7. 7 patti in cape coral
    May 26, 2009 at 17:30

    There are too many kooky, inept, abusive, and neglectful parents out there to leave the decisions exclusively to them.

  8. 8 Roberto
    May 26, 2009 at 17:34

    RE “” Do you have the right to refuse medical treatment? What’s the point in forcing someone to accept treatment? “”
    ————————————————————–

    ——— There is a large segment of the medical community who feel they have the right to bankrupt honest citizens with their treatments as they price gouge frightened parents and sick children.

    I won’t comment on the circumstances of the Hauser family, but my heart and prayers go with them as the pressure is on them to make somebody’s correct choice as they struggle with a sick child..

    The AMA and the insurance industry are part of the axis of evil that is the bankruptcy story of this country.

    While I know that many honourable folk do work in the industry, the people running the beast and profiting from it earn my utter contempt of their humanity and honesty, not that matters to them one whit as they rake in money hand over fist daily.

  9. 9 gary
    May 26, 2009 at 18:07

    Children are not the property of their parents. Their human rights accrue solely from existence. For those invoking faith in a deity as reason for withholding a child’s reasonable medical treatment, the August Personage’s signature on the appropriate release form should be required. The rub of course is “reasonable.” To me, deaths resulting from withheld, well-proven therapies are murders. However, while “painful” is not a synonym for unreasonable, experimental may be.
    g

  10. 10 Jennifer
    May 26, 2009 at 19:20

    Re: To me, deaths resulting from withheld, well-proven therapies are murders. However, while “painful” is not a synonym for unreasonable, experimental may be.

    I agree with this very much.

    However, I don’t think any state should be making decisions about a person’s medical treatment!

  11. 11 Tom D Ford
    May 26, 2009 at 19:35

    The UN Convention on The Rights of the Child applies.

    Religious wackos (I know, that is a redundancy) have a lot of rights and freedoms but they ought to be very limited in how they can abuse children.

  12. 12 Dennis Junior
    May 27, 2009 at 04:08

    So who should have the ultimate say in life saving treatment – the patient, the parents or the state?

    …I think that the type of matter: Should be left to the hands of the Patient and the parents and the state should STAY OUT….And allow the citizenry to make their own decisions….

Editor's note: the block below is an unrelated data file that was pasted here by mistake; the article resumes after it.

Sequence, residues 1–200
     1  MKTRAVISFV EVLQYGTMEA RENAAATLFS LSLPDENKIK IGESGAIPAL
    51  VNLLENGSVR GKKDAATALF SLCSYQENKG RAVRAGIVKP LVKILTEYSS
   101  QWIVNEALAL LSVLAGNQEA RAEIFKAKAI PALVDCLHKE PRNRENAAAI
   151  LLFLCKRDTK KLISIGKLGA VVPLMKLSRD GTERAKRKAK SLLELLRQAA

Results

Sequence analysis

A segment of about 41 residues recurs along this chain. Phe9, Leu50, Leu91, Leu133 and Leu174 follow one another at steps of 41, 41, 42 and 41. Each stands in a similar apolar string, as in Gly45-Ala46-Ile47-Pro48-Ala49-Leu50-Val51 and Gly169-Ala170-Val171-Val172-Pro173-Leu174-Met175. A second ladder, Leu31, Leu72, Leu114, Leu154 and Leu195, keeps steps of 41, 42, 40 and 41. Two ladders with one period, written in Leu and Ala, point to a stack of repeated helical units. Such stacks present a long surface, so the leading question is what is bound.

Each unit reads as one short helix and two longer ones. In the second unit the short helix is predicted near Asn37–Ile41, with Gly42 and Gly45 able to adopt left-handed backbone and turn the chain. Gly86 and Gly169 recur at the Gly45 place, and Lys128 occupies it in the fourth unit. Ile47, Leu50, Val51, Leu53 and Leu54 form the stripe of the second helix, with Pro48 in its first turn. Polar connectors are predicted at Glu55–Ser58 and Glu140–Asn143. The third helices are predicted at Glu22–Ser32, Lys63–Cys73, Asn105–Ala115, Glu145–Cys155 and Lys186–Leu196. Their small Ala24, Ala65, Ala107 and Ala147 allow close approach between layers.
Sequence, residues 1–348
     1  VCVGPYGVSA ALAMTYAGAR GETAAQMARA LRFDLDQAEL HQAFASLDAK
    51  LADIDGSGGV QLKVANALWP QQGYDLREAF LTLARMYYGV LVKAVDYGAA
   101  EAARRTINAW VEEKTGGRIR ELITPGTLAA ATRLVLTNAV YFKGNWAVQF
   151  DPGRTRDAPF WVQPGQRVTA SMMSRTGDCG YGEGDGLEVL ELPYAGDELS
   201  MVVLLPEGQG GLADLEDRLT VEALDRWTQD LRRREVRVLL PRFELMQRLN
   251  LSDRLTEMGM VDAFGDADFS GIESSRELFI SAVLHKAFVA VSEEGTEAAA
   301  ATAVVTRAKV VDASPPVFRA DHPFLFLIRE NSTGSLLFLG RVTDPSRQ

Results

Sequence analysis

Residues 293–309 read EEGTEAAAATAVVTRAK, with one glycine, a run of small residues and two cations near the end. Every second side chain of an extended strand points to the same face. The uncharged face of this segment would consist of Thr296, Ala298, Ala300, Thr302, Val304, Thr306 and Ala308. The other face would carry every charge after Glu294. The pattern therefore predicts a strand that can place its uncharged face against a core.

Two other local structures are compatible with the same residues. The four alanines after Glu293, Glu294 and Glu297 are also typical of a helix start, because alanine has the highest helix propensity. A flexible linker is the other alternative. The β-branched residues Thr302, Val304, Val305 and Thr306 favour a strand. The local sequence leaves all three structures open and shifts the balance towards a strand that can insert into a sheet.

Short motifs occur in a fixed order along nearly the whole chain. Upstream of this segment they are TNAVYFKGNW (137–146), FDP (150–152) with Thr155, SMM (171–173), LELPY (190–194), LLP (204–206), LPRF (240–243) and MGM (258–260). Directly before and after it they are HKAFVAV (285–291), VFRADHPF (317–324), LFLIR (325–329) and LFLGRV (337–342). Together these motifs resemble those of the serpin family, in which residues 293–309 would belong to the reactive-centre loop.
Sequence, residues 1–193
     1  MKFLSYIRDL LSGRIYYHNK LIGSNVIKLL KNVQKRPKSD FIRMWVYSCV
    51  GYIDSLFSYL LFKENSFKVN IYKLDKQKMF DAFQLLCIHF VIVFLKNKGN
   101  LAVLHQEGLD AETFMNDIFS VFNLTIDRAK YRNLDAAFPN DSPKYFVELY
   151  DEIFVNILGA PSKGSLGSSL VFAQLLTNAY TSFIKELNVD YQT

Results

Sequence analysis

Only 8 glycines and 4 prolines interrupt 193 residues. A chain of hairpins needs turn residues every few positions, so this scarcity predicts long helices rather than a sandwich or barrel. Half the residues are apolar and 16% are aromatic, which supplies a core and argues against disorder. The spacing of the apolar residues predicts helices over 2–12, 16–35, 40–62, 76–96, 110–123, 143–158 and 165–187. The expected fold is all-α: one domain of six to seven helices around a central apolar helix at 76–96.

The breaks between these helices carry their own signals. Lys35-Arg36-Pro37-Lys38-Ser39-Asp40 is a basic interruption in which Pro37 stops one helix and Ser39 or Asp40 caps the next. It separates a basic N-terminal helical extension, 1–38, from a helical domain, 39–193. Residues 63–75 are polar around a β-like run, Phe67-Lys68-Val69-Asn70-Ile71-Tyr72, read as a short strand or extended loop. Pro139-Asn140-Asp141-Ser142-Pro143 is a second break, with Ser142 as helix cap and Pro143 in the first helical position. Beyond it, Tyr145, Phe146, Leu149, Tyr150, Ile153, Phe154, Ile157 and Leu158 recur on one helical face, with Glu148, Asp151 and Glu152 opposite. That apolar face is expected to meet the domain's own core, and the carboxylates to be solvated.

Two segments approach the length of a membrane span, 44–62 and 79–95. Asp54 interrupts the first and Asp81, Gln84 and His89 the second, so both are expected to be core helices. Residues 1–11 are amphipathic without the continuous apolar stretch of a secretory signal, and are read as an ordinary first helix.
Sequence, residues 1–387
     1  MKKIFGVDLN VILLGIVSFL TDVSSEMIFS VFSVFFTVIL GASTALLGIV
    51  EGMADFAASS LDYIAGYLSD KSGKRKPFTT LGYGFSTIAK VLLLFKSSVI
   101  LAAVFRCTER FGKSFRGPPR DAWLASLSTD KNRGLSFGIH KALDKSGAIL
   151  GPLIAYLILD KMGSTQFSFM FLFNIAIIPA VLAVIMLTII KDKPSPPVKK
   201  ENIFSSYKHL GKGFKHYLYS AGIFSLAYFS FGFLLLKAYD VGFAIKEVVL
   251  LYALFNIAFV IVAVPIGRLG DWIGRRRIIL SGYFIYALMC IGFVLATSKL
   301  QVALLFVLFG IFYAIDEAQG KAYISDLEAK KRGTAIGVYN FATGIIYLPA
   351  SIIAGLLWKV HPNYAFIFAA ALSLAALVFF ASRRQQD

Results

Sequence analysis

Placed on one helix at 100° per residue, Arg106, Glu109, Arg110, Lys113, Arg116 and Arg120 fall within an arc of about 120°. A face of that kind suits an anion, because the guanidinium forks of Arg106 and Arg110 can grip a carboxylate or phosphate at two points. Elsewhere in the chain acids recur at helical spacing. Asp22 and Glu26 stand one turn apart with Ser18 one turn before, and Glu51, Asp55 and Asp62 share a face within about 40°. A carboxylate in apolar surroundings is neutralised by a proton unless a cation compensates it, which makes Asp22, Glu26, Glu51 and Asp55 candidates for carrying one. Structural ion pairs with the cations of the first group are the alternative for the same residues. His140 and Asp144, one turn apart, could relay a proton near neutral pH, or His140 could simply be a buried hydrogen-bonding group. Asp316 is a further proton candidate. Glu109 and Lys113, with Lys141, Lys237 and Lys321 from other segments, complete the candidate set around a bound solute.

~Dennis Junior~

  13. 13 Dennis Junior
    May 27, 2009 at 08:05

    In my earlier response: I have known many people who have had CHEMOTHERAPY for their cancer…And, its’ horrible on their body and (…) I think that Government in regards to the case in the United States should keep their noses out of the family affairs….

    -Dennis Junior-

  14. 14 Nette
    July 6, 2009 at 21:12

    I believe that a child old enough to understand right from wrong can also have a say in their own medical treatment, what if the treatment scares the parent but not the child. What if the child not understanding everything is scared of the treatment. I think when anyone refuses medical treatment they first must understand all options, financial, and outcomes. You here everyday on the TV medicines that will help with one thing but can cause nurmerous side effects. This must be understood but each person.

    As for someone that went through chemo myself, that is a decision that I would not wish upon any parent to make, either way you would have to watch your child struggle with either the disease or the treatment.

    I think if a parent and child is well educated in the diseases course and the treatment prognosis then it’s up to them on how to proceed. Not the rest of the world.

    As for loosing a child to any illness that is a pain that I would not want anyone to go through and it should be each families right to proceed with the decision they make. Not the government.